medical education, Johns Hopkins, did not allow women students to 
examine men below the neck. 

Second, coed schools quickly levelled their number of female 
slots to a 5-109S quota, except during world wars when they ac- 
cepted women for lack of male applicants and in order to remain 

Finally, women needing junior faculty stepping stone positions 
to reach higher teaching, research or administrative levels found few- 
academic openings in coed institutions. WMC afforded women wider 
career options and opportunities to publish and do research. Proud- 
ly, in her first 50 years, WMC had become both the "first and only" 
school dedicated to educating women doctors (1850) and the "last 
and only" (1899 to 1969). 

Clara Marshall (WMC. 1875), was 
Professor of Materia Medica, Dean 
from 1888 to 1917, author of the 
first college history (1897). 

Kate Campbell Hurd-Mead 
(WMC. 1888). historian of wom- 
en in medicine, active in 



rW^-tter the dust of the 50th Anniversary celebration had 
settled, the College suffered an almost fatal blow. The cooperation 
between the neighboring College and Woman's Hospital was 
disintegrating at the same time the Carnegie Foundation and federal 
government were establishing standards for medical education. The 
Foundation had investigated colleges across the country noting with 
dismay "a large majority of all the institutions bearing the name 
college were really concerned with secondary education." 

Their studies of professional schools of law and medicine 
uncovered even more disarray. Proprietary schools with no 
standards, teaching by lecture only, no entrance requirements and 
faculty paid by students' fees had been given the name of, but were 
not the responsibility of parent universities. Johns Hopkins was the 
only medical school in the country which actually required a college 
degree for entrance. Most other schools, like WMC, had entrance 

Fortunately for WMC, two separate unrelated, but WMC-af fili- 
ated, hospitals had been erected in 1895. The larger one was the 
new adjacent main building of the Woman's Hospital (1861). Having 
separate charters and governing bodies, and having lost the unifying 
influence of founder Ann Preston (1872), the College and Hospital 
had diverged move each year. While in the beginning they had been 
under one roof, the College paying rent to the Hospital, they were 
now physically separated. The College was still paying annually for 
the students' "clinical advantages." In several instances, the Hospital 
Staff hadn't approved of faculty chairmanship choices, so they 
appointed their own; soon the Faculty and Staff had very few 
members in common. The "last straws" were the Hospital Staff 
reluctance to having their patients "subjected" to students, their 
refusal to admit male patients, and the dismissal of the last College 
Faculty member from the Staff in the middle of the 1903-04 school 
year. That was it. They split. 

The smaller hospital built in 1895 had been an inspiration of 
alumna Amy S. Barton (WMC, 1874) to give free care to South 
Philadelphia slum-dwellers and give WMC students experience 
in managing both male and female patients. Supported by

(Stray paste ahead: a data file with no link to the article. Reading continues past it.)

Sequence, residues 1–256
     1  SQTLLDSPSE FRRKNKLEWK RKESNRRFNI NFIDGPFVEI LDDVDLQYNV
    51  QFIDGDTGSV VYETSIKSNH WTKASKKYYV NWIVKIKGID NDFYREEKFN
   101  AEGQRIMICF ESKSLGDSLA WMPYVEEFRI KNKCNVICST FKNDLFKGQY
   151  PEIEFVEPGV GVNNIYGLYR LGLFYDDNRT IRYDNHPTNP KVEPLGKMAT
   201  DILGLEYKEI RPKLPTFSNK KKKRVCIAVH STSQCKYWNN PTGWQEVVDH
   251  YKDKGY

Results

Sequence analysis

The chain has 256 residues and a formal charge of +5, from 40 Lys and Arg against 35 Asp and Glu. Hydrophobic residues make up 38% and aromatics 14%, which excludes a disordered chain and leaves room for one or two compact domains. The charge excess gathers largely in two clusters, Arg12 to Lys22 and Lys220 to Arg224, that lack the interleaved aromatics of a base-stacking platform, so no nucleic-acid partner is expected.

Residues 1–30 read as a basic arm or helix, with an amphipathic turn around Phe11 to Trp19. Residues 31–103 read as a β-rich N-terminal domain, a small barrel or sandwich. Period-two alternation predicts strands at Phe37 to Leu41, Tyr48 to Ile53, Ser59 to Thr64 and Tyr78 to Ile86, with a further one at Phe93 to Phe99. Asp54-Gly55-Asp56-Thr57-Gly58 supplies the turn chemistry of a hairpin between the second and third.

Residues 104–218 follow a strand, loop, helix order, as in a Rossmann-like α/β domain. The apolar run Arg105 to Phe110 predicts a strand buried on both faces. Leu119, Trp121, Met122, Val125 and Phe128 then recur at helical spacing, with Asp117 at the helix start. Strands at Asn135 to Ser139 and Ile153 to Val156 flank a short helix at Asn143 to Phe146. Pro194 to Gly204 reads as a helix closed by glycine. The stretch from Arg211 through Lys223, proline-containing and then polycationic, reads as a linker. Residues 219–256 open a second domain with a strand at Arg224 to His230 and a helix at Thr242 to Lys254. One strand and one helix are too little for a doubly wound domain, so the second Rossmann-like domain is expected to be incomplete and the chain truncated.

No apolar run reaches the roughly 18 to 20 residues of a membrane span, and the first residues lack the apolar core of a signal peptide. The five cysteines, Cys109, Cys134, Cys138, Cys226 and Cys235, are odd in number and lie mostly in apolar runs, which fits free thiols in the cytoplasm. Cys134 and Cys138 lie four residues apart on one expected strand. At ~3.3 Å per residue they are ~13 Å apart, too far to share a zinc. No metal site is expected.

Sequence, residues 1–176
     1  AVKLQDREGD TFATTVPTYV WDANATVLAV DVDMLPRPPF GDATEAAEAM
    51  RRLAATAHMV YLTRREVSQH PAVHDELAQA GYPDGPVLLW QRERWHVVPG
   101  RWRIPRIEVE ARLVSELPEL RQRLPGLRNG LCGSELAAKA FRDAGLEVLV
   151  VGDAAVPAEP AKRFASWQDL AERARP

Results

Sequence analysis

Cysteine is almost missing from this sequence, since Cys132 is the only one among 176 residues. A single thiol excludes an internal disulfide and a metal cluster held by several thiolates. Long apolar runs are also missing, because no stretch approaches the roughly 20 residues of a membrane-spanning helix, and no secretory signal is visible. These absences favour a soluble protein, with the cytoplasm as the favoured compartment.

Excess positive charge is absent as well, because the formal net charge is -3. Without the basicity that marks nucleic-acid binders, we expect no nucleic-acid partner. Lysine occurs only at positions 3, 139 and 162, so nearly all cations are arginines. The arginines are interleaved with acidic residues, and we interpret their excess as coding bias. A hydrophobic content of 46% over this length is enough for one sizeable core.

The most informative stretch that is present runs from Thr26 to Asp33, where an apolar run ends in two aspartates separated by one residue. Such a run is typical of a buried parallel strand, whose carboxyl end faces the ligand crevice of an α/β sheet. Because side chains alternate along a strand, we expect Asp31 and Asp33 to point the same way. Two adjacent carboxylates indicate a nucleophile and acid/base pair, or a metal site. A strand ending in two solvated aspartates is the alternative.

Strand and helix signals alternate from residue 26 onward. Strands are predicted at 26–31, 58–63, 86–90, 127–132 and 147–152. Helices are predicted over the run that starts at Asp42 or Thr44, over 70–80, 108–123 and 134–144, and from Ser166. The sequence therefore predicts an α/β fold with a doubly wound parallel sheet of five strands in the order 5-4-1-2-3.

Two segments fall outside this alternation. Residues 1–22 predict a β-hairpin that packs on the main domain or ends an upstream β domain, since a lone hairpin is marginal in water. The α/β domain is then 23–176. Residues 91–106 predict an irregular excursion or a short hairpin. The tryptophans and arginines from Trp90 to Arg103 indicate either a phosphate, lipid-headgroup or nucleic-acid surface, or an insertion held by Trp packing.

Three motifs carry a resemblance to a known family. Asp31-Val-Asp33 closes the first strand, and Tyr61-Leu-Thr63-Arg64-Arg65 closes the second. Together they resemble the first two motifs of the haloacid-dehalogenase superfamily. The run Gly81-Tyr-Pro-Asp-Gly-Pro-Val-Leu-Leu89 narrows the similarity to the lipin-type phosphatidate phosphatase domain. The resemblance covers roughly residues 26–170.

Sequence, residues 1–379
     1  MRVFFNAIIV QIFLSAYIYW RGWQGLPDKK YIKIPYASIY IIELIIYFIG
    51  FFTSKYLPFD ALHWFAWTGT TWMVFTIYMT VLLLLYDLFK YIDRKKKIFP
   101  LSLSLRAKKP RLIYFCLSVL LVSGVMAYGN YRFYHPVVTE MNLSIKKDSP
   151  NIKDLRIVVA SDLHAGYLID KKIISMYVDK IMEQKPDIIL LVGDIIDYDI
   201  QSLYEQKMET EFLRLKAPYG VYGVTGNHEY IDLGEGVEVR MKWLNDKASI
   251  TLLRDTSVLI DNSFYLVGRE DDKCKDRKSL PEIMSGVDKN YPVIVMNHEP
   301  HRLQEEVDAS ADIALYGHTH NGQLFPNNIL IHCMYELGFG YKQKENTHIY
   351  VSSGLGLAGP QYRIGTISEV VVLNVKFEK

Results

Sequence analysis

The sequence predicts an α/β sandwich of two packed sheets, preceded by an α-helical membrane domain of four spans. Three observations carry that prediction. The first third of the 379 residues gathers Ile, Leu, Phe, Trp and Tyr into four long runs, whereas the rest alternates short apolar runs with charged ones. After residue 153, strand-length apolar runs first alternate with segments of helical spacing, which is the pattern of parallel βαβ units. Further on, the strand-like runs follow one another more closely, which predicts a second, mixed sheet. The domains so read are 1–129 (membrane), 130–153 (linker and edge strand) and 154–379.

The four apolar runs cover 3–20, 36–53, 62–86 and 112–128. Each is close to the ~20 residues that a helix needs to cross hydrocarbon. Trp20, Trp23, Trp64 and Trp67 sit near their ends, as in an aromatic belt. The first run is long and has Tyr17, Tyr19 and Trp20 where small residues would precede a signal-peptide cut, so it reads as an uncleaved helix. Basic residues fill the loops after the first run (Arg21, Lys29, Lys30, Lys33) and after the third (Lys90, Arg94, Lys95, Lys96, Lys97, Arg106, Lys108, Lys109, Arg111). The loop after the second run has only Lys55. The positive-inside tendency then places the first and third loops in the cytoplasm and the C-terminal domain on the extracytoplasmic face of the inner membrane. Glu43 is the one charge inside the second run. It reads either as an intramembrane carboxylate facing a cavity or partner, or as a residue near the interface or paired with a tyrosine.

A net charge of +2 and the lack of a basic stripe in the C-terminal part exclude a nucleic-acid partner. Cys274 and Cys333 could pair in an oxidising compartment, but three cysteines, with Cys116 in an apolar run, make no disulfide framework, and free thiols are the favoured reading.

alumnae contributions, it was chartered "The Hospital and 
Dispensary of the Alumnae of the WMC." After it was 
opened in a rented house at 1212 South Third Street it 
was nicknamed the "Barton Dispensary." When the split 
with Woman's Hospital occurred, the Dispensary was the 
only "College Hospital" the College had, and it was too 
small for a teaching hospital. 

Unfortunately the split occurred just before a 1904 Penna. 
law was passed requiring every medical school to have a 
teaching hospital under its direct control to maintain a Class A 
rating. The College was thus forced either to close as an 
unaccredited school (86 schools in lower categories eventually 
closed by 1929) or to immediately establish a new hospital and 
become accredited. 

There was a unanimous emergency vote of the Barton Dispensary 
managers (mostly alumnae) to make it the official "College 
Hospital;" the College was relieved to be within the letter of the law 
and continued its scramble to find teaching beds. There was an 
outpatient obstetric practice at 335 Washington Ave. which they 
expanded to a maternity hospital. They bought a building across the 
street (1904) and converted it to the "Pavilion Hospital," and 
continued to raise funds for a new College Hospital. 

By 1907, the basement and first three floors of the new College 
Hospital were erected under the charter of the Alumnae Hospital 
and Dispensary. As more funds were raised, they literally "raised the 
roof" story by story. In 1908 there was enough space to reorganize 
the nursing school. 

By the time of the Flexner Report visit to WMC in March, 1909, 
there were a total of 1 25 students in the 4 years using the very 
adequate College Main Building preclinical facilities, the completed 
floors of the new hospital, and a disarray of very few teaching beds. 

at * 


TOP: The new operating Amphitheatre. Picture 
circa 1910. 

ABOVE: The Maternity Ward. 1905-1911. 

LEFT: 1894 photo of Russell H. Con- 
well in the laboratory with students 
Dranga (1897), Moore (1889), Bowyer 
(1898), Brickett (1898) and Lathrop 

he Flexner Report, published in 1911, was a report of 
over 148 medical schools visited over 3 years. Actually, the number 
of schools had peaked in 1906 at 162, but the incipient 
classification system discouraged the shakiest 14. It included details 
of the facilities, resources and methods of instruction. Of the 7 
schools seen in Philadelphia, Penn ranked Number One. In 
summary, the WMC analysis stressed the financial instability but did 
state that during a 7-year period they had been using the Dispensary 
and Pavilion Hospitals while raising $200,000 for the new hospital,